I could not talk about the craic in Minnesota’s Irish scene without talking about my Belfast mom – Ann.

My mom has lived on the block for over 50 years.  It’s a bit like she is frozen in time (attachment).  It was not an asset growing up having the entire neighborhood know your mom was the the ‘Irish girl’.  We couldn’t get away with anything because we were so easily tracked back to her.  Her bright red hair and petite frame could be seen at 50 paces.  And like all good neighbors, we were duly reported on for any misadventures.  But the ‘Irish girl’ believed in great leniency for her children.  We knew the fake nod of concern when her index finger would touch her cheek with her undivided attention when our misdeeds were told.
But the one thing we did with great stealth and sworn secrecy behind my mom and dad’s back was to go down to the Mississippi River.  We started with fishing for carp on the boardwalk with nicked cans of corn from the cupboard and progressed to biking to down to the lock and dam.
But by then my brothers and sister and I were seduced by the Mississippi river.  We were now regularly under the railroad bridge criss crossing on the cat walk looking hundreds of feet below us at the barges or boats that might come by.  Or we would scamper right down to the rivers edge and skip rocks and cautiously wade in a bit.  Even with the water barely above my ankles I could feel the current rocking me back and forth.  If we were gone for many hours we stop by the park on the way home and switch the sand up from the light river sand to the dark playground sand in our shoes to justify our long absence to our Irish mother. We highly suspected that growing up in my Scandinavian-American father’s house-with-no-rules that this just might be a rule that would be enforced – No Going Down to the River.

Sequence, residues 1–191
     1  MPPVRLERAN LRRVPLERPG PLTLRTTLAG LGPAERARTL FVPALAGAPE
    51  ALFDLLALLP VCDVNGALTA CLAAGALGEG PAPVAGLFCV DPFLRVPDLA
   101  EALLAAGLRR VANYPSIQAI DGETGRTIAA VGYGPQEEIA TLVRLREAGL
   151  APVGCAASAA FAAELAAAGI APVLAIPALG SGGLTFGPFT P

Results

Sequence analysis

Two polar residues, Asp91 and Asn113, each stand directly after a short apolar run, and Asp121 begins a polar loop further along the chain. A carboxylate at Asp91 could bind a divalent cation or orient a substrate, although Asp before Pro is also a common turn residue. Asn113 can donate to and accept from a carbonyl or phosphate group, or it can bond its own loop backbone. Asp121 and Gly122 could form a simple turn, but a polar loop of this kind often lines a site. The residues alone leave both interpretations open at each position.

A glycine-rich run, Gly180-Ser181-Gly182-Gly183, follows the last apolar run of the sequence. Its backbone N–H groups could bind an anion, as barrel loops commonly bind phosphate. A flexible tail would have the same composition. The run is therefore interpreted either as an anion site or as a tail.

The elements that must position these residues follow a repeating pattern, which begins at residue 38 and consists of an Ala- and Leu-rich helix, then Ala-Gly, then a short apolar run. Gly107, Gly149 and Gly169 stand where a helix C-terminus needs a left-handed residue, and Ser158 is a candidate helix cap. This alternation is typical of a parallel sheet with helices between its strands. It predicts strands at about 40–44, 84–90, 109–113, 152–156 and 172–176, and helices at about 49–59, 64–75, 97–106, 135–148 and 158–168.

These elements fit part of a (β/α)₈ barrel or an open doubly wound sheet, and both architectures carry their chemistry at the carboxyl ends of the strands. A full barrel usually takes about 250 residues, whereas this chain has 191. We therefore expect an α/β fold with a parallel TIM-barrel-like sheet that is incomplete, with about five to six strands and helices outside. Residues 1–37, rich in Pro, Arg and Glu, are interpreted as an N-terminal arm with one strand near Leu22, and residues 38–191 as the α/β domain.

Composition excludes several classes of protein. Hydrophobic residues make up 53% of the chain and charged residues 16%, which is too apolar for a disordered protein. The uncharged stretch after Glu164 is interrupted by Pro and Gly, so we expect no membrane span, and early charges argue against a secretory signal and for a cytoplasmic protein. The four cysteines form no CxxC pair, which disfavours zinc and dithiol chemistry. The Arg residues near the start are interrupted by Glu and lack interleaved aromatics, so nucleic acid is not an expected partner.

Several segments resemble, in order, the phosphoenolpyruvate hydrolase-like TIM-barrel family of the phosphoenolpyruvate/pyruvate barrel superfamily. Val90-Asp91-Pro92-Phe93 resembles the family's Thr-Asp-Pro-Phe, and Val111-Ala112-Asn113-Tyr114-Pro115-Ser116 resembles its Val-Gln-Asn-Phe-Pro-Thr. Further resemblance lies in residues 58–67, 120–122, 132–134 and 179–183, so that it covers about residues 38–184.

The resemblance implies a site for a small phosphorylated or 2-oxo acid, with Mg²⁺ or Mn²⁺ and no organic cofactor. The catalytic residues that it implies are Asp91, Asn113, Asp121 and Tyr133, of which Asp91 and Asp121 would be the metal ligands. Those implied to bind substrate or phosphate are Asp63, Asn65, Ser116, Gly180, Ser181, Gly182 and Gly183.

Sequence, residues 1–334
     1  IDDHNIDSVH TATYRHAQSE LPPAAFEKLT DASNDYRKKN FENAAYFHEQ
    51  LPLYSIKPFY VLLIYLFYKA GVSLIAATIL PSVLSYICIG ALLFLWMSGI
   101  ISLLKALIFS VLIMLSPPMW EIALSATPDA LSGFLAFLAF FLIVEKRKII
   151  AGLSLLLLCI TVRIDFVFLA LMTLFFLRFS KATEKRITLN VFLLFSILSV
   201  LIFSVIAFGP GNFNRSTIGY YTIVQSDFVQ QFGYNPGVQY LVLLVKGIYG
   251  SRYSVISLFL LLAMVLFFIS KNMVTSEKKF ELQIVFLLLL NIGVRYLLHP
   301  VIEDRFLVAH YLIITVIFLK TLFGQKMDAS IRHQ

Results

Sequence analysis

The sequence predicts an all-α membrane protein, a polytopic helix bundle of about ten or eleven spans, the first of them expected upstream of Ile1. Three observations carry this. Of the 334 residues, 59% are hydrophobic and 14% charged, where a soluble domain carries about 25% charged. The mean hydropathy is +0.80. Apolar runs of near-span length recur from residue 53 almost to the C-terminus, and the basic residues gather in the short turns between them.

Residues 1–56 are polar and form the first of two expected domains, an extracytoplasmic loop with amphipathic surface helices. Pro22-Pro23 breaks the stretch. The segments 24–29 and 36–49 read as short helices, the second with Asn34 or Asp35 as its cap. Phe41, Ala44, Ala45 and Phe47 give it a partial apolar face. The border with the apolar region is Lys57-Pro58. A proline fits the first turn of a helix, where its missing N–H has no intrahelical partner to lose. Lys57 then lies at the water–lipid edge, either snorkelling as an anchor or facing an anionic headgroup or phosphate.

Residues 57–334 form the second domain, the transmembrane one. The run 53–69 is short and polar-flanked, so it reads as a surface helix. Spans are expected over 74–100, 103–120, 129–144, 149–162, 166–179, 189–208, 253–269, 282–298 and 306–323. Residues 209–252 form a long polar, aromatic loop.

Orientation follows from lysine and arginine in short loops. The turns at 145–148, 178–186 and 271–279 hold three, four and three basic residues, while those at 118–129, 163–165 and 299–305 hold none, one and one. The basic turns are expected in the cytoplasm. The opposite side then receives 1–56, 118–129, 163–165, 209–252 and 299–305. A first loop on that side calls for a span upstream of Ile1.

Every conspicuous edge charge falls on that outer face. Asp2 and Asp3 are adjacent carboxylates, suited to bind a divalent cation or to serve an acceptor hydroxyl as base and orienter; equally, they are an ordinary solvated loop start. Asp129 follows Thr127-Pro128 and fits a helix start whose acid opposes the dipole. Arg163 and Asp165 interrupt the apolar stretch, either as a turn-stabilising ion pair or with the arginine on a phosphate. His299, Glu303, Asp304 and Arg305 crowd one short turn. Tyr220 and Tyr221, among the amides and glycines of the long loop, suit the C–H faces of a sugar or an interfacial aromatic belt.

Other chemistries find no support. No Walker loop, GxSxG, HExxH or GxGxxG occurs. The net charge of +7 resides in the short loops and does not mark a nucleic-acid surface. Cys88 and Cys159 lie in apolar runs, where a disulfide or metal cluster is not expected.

To keep her skittish American children anywhere near the house my Irish mom let us have a nine-hole golf course in our tiny back yard.  Each hole was a soup can dug into the ground. We could also play in the garage.  Unheard of amongst our friends.


Most of our adventures have been photographed by my mom.  Is is her great gift to our extended family.  Not just important moments like our first communions – but our kool aid stands, our pets, our friends, our neighbors, and our par 3 soup can 9 hole golf course.  We have boxes of photographs that my mom took.  Some rolls still not developed.

My mom now is in the stage of memory loss called moderate dementia.  I have lived with her for some time. What a comfort it is to have these photographs and see the great craic she had with her life raising four children with my dad in the house-house-with-no rules.